Healthy diets are full of fruits and vegetables, seeds, nuts and legumes, whole grains, unrefined sugars and good-for-you dietary fats. But in a world of expanding waistlines and a holiday gravy habit, it's hard to deny we could do better when it comes to our nutrition. Currently, more than 35 percent of American adults (and about 17 percent of American kids and teens) are considered obese, which means they're at least 30 pounds (13.6 kilograms) or more over the healthy weight for their height (and that's not including everyone who hasn't yet been able to lose those extra pounds, or those who are considered overweight but not obese) [source: Centers for Disease Control and Prevention, Hellmich]. Sure, your weight is based on several things, from your gender and your genetics to your medications and medical conditions, but the bottom line is that we all need a good balance of physical activity and calories to be healthy.
Laugh at the saying, but you really are what you eat. Highly-processed foods and drinks contain a lot of artificial ingredients, refined sugars, saturated (and trans) fats and only a little nutritional value, a cocktail of poor nutrition that leaves you fatter, with an increased risk of developing chronic inflammation and other conditions. Granulated white sugar (table sugar), all-purpose flour and hydrogenated oils are all processed foods, as are artificial flavors and colors. Candy canes, fruitcake and eggnog are not natural foods. Cross them off your holiday menu. Natural foods, however, are foods that have not been processed (or only minimally so). They have no additives, and they are nutrient dense. Natural foods are fresh and healthy foods.
Whether you've already begun to replace processed foods with natural ones, or if you want to kick start a New Year's resolution to eat healthier, it's easy to pull together a holiday feast built around natural foods. A holiday menu can be full of fresh and healthy natural foods while still giving you that classic holiday season feeling. Let's look at ways to add natural foods to the holidays, from easy substitutions to new dishes, including the dessert table.
A Natural Foods Holiday Menu
Let's look at the ingredient lists of two commercially-prepared tomato sauces as an example of what to look for when reading a food label to evaluate its natural-food worthiness -- that is, if you're not making your own fresh sauce. The ingredient list for a natural food tomato sauce would look something like this: Organic tomatoes, extra virgin olive oil, organic basil, organic roasted garlic, sea salt. The first five ingredients of a commercially-prepared sauce, on the other hand, may look something more like this: tomato puree, corn syrup, vegetable oil, dehydrated garlic, spices.
A natural food menu should include plenty of fresh fruits and vegetables, organic dairy, organic meats and poultry as well as whole grains and nuts. (Note that while organic foods are part of a natural foods menu, not all natural foods are organic. For example, while shopping you choose between organically-grown or conventionally-grown carrots -- both carrots are natural food, but only one carrot is organic. The choice between the two is yours.) Seasonal foods are important to menu planning, and your dishes should include a mix of fruits and vegetables, fresh meats and poultry such as heritage turkeys (or fresh turkey with no added hormones, steroids or artificial enhancers) as well as whole grains, seeds, nuts and legumes. Plan your holiday menu with plenty of autumn and winter bounties including apples, potatoes (of all kinds), pumpkins and squashes, cabbage, turnips and other root vegetables, onions, garlic, cranberries, figs and herbs.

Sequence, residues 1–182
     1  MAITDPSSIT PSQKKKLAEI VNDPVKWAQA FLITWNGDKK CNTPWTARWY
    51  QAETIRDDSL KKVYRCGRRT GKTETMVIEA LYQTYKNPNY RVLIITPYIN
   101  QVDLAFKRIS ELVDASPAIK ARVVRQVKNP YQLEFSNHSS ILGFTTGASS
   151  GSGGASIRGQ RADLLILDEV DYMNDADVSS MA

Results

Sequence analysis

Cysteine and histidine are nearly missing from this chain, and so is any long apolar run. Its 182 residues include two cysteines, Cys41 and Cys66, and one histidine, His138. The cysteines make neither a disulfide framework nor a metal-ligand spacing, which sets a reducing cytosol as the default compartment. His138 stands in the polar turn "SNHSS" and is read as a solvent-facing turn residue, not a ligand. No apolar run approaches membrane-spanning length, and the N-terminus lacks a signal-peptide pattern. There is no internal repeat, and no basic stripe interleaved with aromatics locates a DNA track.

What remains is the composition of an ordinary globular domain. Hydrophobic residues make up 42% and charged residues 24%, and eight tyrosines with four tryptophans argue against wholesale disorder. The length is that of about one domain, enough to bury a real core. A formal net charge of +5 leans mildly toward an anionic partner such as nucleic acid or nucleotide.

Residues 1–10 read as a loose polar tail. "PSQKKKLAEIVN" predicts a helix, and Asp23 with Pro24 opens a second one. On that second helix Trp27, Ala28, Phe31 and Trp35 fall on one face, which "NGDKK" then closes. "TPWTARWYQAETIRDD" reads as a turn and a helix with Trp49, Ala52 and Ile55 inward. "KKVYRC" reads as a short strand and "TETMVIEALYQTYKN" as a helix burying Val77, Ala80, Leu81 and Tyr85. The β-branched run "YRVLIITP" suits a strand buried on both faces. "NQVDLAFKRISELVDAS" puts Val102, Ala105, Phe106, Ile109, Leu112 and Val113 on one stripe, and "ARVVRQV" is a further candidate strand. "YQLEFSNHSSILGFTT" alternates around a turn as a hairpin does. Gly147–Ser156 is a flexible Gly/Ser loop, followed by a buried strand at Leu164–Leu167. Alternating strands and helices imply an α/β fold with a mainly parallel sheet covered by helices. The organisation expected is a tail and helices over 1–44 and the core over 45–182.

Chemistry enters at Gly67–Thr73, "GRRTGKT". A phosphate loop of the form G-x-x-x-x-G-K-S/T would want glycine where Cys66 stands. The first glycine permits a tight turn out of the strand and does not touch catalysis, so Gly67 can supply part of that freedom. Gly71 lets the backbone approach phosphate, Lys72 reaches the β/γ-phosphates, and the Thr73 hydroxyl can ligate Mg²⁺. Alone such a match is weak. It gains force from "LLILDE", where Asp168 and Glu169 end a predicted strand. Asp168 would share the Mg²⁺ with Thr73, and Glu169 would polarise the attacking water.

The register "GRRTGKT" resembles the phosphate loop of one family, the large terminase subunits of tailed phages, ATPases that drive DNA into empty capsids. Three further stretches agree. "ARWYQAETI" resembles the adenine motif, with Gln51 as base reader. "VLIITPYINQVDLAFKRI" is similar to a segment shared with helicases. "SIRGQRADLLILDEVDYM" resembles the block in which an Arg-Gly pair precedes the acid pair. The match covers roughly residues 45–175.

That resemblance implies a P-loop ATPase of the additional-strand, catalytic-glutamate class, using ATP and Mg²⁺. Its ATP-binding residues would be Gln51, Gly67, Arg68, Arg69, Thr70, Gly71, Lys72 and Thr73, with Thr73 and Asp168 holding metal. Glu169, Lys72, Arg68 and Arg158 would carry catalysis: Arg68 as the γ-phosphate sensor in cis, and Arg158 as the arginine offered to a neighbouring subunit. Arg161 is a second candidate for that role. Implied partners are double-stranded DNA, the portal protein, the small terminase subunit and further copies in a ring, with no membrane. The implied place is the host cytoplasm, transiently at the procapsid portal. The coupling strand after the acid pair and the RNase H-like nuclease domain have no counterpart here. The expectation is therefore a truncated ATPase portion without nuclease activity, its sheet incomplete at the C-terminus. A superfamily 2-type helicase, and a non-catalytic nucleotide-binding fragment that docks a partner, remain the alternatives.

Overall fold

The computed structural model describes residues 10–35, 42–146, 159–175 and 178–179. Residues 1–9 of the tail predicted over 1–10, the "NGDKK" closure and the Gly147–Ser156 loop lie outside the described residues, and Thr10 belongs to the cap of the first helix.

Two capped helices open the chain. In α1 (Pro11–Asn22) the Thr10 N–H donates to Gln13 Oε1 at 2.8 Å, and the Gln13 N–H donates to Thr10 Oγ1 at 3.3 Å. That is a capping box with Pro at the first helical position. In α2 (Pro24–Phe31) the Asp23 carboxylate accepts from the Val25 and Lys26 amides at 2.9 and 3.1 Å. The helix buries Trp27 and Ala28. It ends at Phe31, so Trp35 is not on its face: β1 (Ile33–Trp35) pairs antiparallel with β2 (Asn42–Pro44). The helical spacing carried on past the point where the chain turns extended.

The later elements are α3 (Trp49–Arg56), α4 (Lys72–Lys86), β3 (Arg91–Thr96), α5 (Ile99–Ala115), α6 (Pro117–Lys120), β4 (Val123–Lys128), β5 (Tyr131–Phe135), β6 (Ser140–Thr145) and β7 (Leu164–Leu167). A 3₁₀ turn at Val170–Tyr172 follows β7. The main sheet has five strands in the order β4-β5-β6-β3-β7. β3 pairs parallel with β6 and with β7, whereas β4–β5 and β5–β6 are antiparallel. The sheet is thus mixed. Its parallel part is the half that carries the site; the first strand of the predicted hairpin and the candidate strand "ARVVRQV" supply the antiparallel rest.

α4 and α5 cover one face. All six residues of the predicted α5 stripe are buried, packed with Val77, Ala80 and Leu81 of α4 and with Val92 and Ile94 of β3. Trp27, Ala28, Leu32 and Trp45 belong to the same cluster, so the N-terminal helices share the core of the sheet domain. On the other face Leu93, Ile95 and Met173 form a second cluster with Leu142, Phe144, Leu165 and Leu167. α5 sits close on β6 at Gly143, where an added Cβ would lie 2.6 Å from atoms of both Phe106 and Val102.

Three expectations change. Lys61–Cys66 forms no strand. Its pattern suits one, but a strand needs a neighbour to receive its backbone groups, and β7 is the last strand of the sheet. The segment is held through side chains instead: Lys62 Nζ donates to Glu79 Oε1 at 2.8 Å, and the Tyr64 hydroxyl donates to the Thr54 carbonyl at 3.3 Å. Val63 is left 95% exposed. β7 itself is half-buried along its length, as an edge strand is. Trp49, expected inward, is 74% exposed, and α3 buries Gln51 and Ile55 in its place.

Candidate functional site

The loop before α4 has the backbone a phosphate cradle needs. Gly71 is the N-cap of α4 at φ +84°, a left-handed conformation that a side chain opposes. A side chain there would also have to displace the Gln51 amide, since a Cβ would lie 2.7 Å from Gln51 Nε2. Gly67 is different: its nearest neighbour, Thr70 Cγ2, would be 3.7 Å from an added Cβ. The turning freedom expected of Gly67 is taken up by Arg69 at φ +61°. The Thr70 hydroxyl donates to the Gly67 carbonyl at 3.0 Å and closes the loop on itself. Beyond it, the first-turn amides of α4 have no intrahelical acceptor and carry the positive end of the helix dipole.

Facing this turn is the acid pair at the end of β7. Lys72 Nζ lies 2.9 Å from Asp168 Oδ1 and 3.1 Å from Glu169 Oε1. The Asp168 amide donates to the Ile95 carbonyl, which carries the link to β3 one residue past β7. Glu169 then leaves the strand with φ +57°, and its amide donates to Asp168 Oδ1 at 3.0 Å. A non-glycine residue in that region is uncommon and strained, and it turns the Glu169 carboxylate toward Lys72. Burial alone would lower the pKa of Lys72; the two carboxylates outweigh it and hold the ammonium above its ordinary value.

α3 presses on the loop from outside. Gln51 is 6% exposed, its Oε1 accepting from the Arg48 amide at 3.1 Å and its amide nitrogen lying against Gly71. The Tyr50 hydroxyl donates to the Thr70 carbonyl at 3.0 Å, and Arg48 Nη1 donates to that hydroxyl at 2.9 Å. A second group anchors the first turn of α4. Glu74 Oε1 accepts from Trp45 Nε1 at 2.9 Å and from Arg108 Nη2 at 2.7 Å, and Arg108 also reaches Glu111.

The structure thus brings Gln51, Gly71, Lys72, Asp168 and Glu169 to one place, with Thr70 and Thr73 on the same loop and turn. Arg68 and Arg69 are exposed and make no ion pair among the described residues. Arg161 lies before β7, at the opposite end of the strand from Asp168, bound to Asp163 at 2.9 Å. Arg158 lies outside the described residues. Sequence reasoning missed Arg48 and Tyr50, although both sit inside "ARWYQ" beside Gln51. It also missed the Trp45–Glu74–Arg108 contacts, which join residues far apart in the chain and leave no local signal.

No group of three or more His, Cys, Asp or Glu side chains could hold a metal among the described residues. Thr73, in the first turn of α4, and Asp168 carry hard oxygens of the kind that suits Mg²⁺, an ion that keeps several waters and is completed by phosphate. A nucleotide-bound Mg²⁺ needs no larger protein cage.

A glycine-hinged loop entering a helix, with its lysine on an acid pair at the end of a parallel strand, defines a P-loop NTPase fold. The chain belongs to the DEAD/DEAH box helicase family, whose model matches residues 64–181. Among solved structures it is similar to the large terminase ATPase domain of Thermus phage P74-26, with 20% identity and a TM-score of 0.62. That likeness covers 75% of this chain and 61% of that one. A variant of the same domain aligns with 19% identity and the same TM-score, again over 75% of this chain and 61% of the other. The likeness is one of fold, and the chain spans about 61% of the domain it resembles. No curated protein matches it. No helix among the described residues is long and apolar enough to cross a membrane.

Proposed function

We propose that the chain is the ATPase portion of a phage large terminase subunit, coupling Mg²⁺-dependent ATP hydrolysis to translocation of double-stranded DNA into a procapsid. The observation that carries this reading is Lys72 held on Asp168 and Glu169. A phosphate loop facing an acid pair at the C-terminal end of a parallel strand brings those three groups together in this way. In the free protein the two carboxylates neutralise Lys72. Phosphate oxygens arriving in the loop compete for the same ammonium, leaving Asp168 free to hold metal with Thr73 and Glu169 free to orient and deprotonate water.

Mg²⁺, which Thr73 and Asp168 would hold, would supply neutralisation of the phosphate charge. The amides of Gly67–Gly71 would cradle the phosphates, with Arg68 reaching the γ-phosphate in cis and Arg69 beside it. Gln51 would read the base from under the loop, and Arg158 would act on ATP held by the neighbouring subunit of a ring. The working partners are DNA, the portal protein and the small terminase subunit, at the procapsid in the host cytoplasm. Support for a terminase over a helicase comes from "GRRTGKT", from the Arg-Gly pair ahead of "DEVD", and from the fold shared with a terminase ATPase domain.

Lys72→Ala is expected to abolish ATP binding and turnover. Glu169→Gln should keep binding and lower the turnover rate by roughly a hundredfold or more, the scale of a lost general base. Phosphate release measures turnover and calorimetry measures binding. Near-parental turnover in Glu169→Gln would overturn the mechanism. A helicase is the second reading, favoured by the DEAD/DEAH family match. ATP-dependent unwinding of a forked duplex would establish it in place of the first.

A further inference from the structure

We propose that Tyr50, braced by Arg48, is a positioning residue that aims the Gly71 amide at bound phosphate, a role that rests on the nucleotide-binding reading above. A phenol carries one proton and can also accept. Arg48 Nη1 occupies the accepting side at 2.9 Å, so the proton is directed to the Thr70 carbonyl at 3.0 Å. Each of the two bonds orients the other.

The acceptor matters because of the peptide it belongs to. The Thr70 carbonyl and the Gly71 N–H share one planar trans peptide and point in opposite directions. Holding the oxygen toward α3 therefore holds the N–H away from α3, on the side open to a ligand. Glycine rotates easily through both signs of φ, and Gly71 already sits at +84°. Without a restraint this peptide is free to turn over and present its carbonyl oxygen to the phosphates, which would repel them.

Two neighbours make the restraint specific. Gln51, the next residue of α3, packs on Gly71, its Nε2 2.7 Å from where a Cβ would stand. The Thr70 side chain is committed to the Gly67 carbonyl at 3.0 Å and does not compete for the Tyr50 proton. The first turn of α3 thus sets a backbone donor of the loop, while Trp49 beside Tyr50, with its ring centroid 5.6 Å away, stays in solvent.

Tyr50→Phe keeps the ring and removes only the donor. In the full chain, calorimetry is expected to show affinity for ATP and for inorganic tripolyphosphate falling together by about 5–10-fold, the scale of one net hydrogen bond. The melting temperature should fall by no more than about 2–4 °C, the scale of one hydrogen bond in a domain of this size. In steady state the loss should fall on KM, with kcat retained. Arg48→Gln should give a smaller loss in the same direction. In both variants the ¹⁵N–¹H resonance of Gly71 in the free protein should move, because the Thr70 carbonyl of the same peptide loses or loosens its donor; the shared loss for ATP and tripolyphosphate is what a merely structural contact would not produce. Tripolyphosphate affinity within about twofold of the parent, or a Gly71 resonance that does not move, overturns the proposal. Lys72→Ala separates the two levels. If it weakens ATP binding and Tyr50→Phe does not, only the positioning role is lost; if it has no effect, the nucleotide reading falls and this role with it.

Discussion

In addition to creating fresh, seasonal dishes, the thing about planning a holiday meal with natural foods is that it isn't much different than planning your traditional holiday menu. Preparing a fresh and healthy holiday menu can be as simple as making some smart substitutions. Instead of the traditional sweet potato casserole -- you know, the one coated in sugar and covered with marshmallows -- try coating those sweet potatoes in natural maple syrup and baking them -- it's still a sweet side dish, but made from all natural foods.
Let's take another example: stuffing. With a few substitutions, stuffing can easily be made with natural foods. Choose whole grain bread and try adding combinations of fruits (fresh and dried), nuts and berries or a more savory blend of wild or brown rice, onion, celery and mushrooms.
Don't shy away from natural desserts, which include fruits, whole grain flours and unrefined sweeteners. Pie crusts, for instance, take on a nutty, toasty flavor if you make them with buckwheat flour (which also makes them gluten free). Sweeten with fruit, honey or maple syrup (buy 100 percent maple syrup, not the fake stuff), and enjoy with a glass of (natural) wine.
More Great Links
- Centers for Disease Control and Prevention. "Overweight and Obesity - Facts." 2012. (Sept. 28, 2012) http://www.cdc.gov/obesity/data/facts.html
- Hellmich, Nanci. "Study: U.S. obesity rates projected to climb by 2030." USA Today. 2011. (Sept. 28, 2012) http://yourlife.usatoday.com/fitness-food/diet-nutrition/story/2011-08-29/Study-Obesity-rates-projected-to-climb-in-US-and-UK/50180424/1
- Niman, Bill; and Nicolette Hahn Niman. "Heritage Turkeys: Worth the Cost?" 2010. (Sept. 28, 2012) http://www.theatlantic.com/health/archive/2010/11/heritage-turkeys-worth-the-cost/66727/
- Spector, Kaye. "Nutrition labels and ingredient lists the required reading of good food choices." Cleveland.com. 2009. (Sept. 28, 2012) http://www.cleveland.com/healthfit/index.ssf/2009/08/nutrition_labels_and_ingredien.html
- WebMD. "Obesity - What Is Obesity?" 2011. (Sept. 28, 2012) http://www.webmd.com/diet/what-is-obesity
- Whole Living. "Natural Dessert Recipes." (Sept. 28, 2012) http://www.wholeliving.com/136258/natural-dessert-recipes/@center/136758/natural-pantry